Planet Coaster includes three main ways to play: Campaign, Challenge, and Sandbox. In each mode you start with a large tract of land, several rides, and a few thousand dollars. Guests pour into your park, each with their own needs and wants. It’s your job to satisfy them all (and take their money) while researching and building new rides and venues.
Helpful tips and seasonal guide for your first year in indie farming sim Stardew Valley.
Stardew Valley is more than just a farming game. It’s also a dungeon crawler, a dating sim, and a fun exercise in planning and management. The constantly ticking clock and wealth of content can be overwhelming, particularly when starting out. I’m here to help you make the most out of your first year in Stardew Valley.
- Nearly every activity will level up the relevant skill, from fishing to fighting. If you find the fishing mini-game particularly challenging, keep pecking away at it to get better (and eventually buy better rods).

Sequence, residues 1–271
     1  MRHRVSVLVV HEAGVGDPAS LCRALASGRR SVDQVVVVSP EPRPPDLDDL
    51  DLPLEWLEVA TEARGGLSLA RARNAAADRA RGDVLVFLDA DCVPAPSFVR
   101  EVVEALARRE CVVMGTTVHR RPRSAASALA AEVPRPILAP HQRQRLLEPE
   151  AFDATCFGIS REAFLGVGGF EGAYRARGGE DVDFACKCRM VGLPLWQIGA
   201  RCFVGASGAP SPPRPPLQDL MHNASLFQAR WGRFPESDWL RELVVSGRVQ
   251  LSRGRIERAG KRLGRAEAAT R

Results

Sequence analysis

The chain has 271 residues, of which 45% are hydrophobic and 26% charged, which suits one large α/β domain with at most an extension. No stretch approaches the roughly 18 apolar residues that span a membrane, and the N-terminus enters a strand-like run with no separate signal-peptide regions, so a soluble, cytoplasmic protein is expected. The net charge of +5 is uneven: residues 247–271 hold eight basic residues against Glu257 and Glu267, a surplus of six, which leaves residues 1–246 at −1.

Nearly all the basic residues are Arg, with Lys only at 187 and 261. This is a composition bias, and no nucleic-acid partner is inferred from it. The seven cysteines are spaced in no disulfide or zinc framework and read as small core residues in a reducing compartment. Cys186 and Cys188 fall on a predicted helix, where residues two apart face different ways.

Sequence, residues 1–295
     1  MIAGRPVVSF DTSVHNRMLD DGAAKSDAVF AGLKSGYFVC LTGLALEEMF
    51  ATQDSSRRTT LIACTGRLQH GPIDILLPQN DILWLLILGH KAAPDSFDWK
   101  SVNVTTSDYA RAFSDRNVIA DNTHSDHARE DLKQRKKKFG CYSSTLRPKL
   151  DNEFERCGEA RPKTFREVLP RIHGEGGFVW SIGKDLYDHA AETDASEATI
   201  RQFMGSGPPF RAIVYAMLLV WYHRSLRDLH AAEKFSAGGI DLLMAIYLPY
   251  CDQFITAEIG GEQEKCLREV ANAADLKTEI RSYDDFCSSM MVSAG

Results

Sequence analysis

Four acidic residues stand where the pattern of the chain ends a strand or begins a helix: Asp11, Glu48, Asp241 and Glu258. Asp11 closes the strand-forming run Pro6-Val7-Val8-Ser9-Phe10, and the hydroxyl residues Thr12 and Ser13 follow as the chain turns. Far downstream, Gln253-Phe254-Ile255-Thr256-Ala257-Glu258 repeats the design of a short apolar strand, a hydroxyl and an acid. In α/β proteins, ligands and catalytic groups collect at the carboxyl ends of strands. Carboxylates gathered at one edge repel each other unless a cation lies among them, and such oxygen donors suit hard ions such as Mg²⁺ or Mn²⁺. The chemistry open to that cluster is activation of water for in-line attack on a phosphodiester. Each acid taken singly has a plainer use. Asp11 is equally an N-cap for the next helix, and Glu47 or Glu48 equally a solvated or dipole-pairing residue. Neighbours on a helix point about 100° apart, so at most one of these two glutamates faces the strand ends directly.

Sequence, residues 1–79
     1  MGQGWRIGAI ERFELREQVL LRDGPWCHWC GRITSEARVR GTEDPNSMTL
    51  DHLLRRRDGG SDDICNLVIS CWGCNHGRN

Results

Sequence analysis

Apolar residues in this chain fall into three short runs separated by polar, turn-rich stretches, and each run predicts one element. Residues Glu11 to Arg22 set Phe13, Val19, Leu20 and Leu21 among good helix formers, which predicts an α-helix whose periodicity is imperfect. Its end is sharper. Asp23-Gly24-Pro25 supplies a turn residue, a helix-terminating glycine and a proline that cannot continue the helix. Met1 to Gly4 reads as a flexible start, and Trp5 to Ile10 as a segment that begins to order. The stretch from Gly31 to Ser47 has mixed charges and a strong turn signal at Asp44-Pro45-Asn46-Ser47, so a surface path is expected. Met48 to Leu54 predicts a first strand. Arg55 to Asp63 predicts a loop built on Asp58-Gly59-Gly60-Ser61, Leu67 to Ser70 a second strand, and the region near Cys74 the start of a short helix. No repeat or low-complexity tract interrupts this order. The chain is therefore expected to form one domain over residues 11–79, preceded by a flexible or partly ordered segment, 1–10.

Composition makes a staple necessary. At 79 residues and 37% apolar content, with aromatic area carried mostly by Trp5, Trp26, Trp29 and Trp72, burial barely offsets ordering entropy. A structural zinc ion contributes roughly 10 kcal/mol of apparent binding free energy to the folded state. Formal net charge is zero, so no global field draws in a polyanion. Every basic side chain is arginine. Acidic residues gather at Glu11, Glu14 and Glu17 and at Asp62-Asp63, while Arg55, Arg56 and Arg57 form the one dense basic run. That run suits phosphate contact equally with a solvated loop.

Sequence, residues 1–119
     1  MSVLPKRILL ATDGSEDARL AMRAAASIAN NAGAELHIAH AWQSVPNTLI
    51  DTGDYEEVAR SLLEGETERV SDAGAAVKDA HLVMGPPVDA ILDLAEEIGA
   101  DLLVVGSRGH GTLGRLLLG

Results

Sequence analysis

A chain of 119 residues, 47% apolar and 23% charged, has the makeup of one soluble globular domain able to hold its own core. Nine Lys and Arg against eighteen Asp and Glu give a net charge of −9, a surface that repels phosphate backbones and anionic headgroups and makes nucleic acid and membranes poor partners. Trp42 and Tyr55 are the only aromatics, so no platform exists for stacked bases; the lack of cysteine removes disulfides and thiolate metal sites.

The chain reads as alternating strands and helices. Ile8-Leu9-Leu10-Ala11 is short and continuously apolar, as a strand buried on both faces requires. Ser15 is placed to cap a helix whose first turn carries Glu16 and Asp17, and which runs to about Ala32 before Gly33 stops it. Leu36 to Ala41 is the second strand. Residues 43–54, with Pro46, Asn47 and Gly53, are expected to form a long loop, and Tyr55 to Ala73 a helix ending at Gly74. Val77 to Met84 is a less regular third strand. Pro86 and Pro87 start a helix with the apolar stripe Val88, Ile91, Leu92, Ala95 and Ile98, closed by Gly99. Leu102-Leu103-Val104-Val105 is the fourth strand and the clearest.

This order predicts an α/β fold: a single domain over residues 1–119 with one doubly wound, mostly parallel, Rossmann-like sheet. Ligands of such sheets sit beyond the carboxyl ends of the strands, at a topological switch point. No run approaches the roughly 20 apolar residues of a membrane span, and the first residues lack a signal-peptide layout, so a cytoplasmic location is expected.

- Rainy days are a godsend. Early on much of your time and energy is spent watering crops. Rainy days are freebies that let you focus on fishing or getting deeper into the mines. It rains most often during Summer.
- Never have a tool selected if you’re not using one. Every miss-click swing of the axe or hoe drains precious energy. And never have bombs selected while walking around your farm…
- Watch TV every day! Clicking on your TV gives you a couple options depending on the day. Weather Report lets you plan for a rainy day. Fortune Teller might hint at lucky loot drops. The Queen of Sauce teaches you cooking recipes. Finally Living off the Land gives you general tips for the game.
- See those odd little dirt patches with worms sticking out? Use your hoe to find clay, plants, or even missing library books. The worms crop up most often during Winter.
- While clearing out your farm try to save up wood to finish the bridge at the beach. It takes 300 wood but is well worth it. The tide pools to the East offer large amounts of coral and sea urchins every few days which sell for a tidy profit.